beautiful double-plaque necklaces
ear-ring's and b-:acelets for their

The art of Chi:e is a liberated
arl expressing the pride of its
people. The modern day paintings
have come a far way from tfhe
times of Pedro Rencoret the
grandfather of Chilean painting
and his masterpiece on canvas
( And the same can be said of the
country's sculpture..... its music
is ;a creature of two rhythmic


Much of Chilean 11teralUre
lijke.its legends and folklore is
centered around the struggle bc-
'tweten the Spaniards and the
Araucanians............but the
literature also has its foot deep
in the Chilean soil. It is a :Itera.
ture .that speaks o( the straugg9e,
Itetaveen the Incas and the Arau-
canfans of ho\\ th Conquitadors
tortured their leader. Valdivia
was tortured bY lthrow'ig molten
gold down his throat because he
ousted d after it." The literature
'~peias" of La Quintrala the
faouis..poison muireress of one
of the w*eathest reolei famil'ei
w\m did away with her father,
swNetheart and a score of others
then bribed a corrupt Governor
and escaped punishment. It cap-
tures the pathos of the Patagon-
dans, .a semitgiant tribe of the
Americas who still u-se arrows
tipped with flint....... o the
women at. tlhe foot of the Chilean
Andes who still igo to market
weariag silver medalls Mnd
their heads and silver plaques
covering their breasts.

One of the most outstanding 'said that Chile possesses 8all the Discov erIg e tr
waiters in Chi e and indeed the j t" Atiire kno i to pe -1whd some ntsa
entire Latin Axre.rioa and CariP- the ld ...... with vY ys clut of an Anabian. tale was an
bean area is Pabo Neruda who stretding for ove .e hties exprieee for the famous ex-
was awarded the country's na- and a a4lbre grapitic iass tower, p'orer Magellan. -'
tional prize for literature in ji for 2i)0(o-feet. 'ftisj u -' .
1945. ruined a :iisa i-lan. Mari .had -just escape.
.Aike Ouba Chile is socialist, arebel ianos!;ain d eal4 s :tor J ieit atrs
OChe shows rrUic interest in i ,6 ie .a del teor
things happening in CUba. p, For 600- mO s between its i'ir ndd he- t before he
fact five of Pablo Neruda's poems border with Peru' t~'d heC'o. d. is en. .were alktrst .fright-
that have been inuded in ,te apo ere' the- ottt f eed t dea. by. t. -strage
CARIWESTA- Bterature deals te Wiericas whee osbtletGoS lights from. the: .imive Indian.
with the pIeple's revolution n for a whole year n r~i falls, wari called C~id, onlv
Cuba. Both Neruda and Mistral gnss gros; o:ly .vt a gr eet idy-a.qeer huia
who have served their countries hills o n te aind1 e 1meet -.big-wra pped Guanac .skin3,
overseas as Ambassadors oOaupy the ye...;:.. It ia reof "'ne arm and one leg bare, talk-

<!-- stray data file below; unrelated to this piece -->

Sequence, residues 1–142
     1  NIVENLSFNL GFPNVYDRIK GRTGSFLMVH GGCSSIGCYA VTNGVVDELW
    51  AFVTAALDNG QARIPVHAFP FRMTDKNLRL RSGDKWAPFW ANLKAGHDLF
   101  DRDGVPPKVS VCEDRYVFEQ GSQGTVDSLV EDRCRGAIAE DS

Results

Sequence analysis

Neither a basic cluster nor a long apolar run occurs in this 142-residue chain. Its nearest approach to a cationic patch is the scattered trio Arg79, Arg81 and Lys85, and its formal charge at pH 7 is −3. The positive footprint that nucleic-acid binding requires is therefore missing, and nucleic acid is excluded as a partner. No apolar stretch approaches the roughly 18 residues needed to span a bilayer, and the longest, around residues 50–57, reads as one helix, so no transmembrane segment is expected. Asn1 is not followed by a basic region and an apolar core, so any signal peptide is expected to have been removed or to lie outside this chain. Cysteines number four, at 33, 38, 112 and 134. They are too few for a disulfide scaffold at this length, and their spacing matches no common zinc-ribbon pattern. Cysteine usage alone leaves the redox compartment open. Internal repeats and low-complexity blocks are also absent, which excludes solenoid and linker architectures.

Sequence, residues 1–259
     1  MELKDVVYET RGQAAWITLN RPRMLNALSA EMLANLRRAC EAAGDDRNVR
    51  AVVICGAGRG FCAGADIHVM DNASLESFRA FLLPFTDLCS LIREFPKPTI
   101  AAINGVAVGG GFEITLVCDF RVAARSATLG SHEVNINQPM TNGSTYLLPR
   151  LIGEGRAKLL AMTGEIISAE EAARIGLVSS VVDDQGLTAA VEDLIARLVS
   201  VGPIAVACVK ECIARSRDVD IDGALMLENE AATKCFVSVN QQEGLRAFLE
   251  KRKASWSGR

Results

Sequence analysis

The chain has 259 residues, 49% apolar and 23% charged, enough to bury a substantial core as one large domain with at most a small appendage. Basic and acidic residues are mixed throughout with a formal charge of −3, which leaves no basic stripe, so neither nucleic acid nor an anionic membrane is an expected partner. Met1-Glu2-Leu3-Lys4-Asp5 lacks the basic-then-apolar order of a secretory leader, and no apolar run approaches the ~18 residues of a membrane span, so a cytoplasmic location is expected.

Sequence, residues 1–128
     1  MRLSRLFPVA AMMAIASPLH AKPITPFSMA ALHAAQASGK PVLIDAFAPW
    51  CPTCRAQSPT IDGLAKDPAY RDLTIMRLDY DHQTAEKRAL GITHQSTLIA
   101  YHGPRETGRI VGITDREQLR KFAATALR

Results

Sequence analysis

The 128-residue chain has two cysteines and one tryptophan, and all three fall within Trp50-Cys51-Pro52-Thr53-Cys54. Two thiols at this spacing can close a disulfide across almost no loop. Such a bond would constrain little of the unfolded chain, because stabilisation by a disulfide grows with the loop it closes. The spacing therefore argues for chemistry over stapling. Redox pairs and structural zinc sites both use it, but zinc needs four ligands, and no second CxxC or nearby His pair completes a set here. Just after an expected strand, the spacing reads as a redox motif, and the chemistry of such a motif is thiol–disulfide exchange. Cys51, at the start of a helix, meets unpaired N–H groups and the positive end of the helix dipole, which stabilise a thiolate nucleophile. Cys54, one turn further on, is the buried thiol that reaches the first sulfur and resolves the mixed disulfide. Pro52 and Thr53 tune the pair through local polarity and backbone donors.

themselves with grassroots things death;; ....; ~dee- d bonef of ;in* slowly over ia-;hilj nearby..
belonging to the people 'and tfi-, ea-nd power bas whitened The creature was so large that
long.any d. SQoih a e e an came only to his waste,
The Chileans like a the pturides-i0n- opken irThe sv aaamed hini
peoples of the arlbea I a;g -.:ia- sad tale of cyo 'for -Patagon "The Big Fot"O nd.thu
Latin Anerira have been mold., f'water, water. .the whole tribe beoline known as
ed byib enro.nit wh et^ :r -the' Patagoniia. The P Dta tgoxW
harsh or peB In hICae It Is For enothler ;400 miles -oma ;itl roam the jungles of Souli
Copiapo 't Illapel only. _.the Chile.
valley bottom bloom. From.l, -1
lapetop Ooinception,.at thbi heart- Many have labandoned their
land,.of Chile always blooming skin capes sewn Vwit wjaie's
beautiful ald much rain; be- beard, whIhe.otJers stl use their
teen Cooppion "ania iuedfo odd fish spears, woven baskets
Monl tts a word of a. -ithousand- and animal skin pouches. .and
laWkes and "riveirs;frkn4r Puerto caulked papyrus boats.
Montt-to the treadlehrous Cape
Horn.......... a stretch of a Chile "The Long Land" brings.
thousand miles..... are the in- to CARIFESTA MuMb of their
human regions with its dark wld pre-Colombian ridbness and
forests and sombre mountains, Spantsh heritage in a form that
glaciers, fjords, islands and will help 'bring about ,a greater
channels where fierce freezing understanding aiong our several
winds howl their war songs and pecopls ...... indeed they come
the white ice covers .the ground proud as their indigenous-
for the better part of the year. Mapuches "and gAant-like pata.

Out of this environment corres
the people and culture of Chile.
Nuance of the irdhmess, grandeur
beauty and harshness of the
Chilean landscape has ground
its way to the music, dance,
literature and art of the people.


It is this ervironrrent that hais
caused the evod'ution of one of
the strangest- types of human
be~l -fi wjt ....... the
Pa agoias.


Chile a .country of traditions
and different latitudes with
desert plains to the north and to
thp south, the land of Chiloe,
"the magic archipelago," with its
--ich arthology and its agitated,
almost. violent dances, born a!r-d
raised in the midst of the -old
learons and the hardships of the
fisherman of Chroe, brio g. a
proud culture to CARIFESTA -
.a culture of which all the other
Oaribbean Latin Ameroa coun-
tries can ibe proud.